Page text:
If you have decided to write your novel in third person POV, you have a few more POV decisions to make. You know what is going on in each of your character’s heads, but you have to decide how many of those characters’ heads you’re going to open up to your readers. One character? Many? All? I will discourage you from the “all” choice. As a reader, I want to get into only a few characters and live through them. Too many main characters can turn off your readers, unless you are writing a huge historical or family saga – 110,000 words or more – with a large cast of characters.
Presenting the thoughts of only one character to your readers is much like choosing the first person POV, and can be a very effective way to bind your reader into that character and the story, but most writers choose third person POV because they want more than one narrator in the story. Whatever you choose (limited – one character ) or limited omniscient (a few characters) or omniscient (all characters), there are a couple of “rules” that will make your third person POV choice more effective as you convey your story to your reader.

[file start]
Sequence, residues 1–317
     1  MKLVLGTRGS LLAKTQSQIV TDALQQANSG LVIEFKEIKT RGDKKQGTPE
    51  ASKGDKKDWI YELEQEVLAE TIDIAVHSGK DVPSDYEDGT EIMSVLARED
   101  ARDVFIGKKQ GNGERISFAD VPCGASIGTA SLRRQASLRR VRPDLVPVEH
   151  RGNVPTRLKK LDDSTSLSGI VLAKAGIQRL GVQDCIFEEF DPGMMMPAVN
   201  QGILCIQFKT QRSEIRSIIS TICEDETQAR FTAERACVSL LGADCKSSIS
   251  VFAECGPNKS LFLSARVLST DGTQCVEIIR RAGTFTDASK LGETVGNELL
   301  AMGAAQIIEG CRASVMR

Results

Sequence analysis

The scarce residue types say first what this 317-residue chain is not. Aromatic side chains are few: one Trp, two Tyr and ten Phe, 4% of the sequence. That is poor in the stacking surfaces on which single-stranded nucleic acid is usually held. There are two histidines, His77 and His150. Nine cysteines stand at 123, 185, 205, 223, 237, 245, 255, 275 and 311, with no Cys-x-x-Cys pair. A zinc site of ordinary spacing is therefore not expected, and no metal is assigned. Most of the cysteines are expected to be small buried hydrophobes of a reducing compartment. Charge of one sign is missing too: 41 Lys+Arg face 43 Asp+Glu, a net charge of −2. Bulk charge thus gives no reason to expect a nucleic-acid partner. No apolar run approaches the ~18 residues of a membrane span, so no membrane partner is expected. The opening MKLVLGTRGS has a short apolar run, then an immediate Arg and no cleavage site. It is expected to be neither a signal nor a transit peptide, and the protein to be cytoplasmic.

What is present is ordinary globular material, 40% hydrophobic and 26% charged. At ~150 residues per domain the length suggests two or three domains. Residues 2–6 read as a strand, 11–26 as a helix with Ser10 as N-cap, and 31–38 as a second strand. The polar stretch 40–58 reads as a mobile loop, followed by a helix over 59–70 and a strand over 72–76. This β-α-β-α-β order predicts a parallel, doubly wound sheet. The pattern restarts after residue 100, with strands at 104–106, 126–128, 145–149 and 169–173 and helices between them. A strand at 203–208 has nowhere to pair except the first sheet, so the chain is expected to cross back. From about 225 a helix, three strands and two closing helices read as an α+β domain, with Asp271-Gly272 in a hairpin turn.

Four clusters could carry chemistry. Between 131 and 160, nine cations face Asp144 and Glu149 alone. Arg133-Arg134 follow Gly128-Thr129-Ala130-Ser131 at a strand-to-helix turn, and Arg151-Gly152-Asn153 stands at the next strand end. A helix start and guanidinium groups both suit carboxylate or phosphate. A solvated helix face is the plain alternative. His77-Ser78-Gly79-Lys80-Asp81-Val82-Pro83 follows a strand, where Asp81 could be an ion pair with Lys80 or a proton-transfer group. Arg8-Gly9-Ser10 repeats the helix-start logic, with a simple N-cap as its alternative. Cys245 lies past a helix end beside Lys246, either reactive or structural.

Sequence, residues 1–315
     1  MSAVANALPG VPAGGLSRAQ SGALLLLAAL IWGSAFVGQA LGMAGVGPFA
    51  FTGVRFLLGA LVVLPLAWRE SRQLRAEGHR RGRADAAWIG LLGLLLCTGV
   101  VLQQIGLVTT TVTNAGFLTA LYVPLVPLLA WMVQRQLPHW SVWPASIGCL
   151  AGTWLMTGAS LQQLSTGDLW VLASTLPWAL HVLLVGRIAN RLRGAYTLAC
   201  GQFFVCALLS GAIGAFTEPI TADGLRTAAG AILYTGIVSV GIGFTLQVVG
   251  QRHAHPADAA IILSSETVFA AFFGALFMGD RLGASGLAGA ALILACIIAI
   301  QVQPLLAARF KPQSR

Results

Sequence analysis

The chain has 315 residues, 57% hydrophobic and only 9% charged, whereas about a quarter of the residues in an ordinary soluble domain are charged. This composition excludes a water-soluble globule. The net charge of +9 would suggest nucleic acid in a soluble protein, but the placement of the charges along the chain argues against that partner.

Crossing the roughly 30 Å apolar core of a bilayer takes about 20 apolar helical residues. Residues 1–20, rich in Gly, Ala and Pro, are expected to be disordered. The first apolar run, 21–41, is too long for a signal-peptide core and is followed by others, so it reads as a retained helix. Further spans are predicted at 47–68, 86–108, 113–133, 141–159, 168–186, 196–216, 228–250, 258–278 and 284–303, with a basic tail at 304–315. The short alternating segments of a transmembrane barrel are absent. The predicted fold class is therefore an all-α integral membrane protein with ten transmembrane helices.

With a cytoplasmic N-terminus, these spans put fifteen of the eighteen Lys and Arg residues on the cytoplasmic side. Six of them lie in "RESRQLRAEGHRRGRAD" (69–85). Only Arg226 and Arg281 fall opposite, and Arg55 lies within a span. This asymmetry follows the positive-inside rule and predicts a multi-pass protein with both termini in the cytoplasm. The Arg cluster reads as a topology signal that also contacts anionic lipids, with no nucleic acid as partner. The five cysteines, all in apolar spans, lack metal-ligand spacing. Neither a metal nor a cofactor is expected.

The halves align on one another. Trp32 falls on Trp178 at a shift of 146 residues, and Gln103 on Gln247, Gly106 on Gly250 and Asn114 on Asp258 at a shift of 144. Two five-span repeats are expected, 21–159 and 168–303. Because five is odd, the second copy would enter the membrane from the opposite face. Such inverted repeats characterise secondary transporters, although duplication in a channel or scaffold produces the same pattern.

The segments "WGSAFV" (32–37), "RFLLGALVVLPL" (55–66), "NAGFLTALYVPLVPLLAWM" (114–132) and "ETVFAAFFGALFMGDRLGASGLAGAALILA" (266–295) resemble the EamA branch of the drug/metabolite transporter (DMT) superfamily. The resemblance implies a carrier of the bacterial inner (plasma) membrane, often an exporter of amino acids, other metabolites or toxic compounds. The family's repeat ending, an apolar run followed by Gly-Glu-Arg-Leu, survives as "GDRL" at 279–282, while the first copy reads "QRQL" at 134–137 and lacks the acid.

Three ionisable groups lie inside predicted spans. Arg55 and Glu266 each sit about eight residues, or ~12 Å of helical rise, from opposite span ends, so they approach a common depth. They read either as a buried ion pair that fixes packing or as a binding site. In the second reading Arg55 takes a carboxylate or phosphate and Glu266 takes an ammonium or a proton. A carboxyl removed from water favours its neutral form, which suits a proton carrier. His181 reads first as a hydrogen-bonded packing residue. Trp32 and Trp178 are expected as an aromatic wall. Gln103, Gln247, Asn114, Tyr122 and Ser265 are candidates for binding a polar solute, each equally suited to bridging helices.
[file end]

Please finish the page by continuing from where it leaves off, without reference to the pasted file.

1. Introduce your POV characters relatively soon in the manuscript if at all possible. Sometimes the plot makes that impossible, but you don’t want a character to suddenly pop up and begin narrating events in a way that seems like you, the novelist, have lost control of your story.
2. If you have chosen an omnicient or limited omnicient third person POV with multiple narrators, and you switch narration from one character to another, be sure to start a new paragraph each time you switch narrators. Actually, I almost always start a new chapter when I switch narrators.
Your Assignment for the week: Write more scenes. Again don’t worry about chronology, just write! Have fun trying the same scene from different characters’ Points of View.
Q4U: Do you prefer reading novels that are presented from multiple points of view or from the POV of one main character? Does you choice differ if you read different genres, for example historical novels as compared to romances?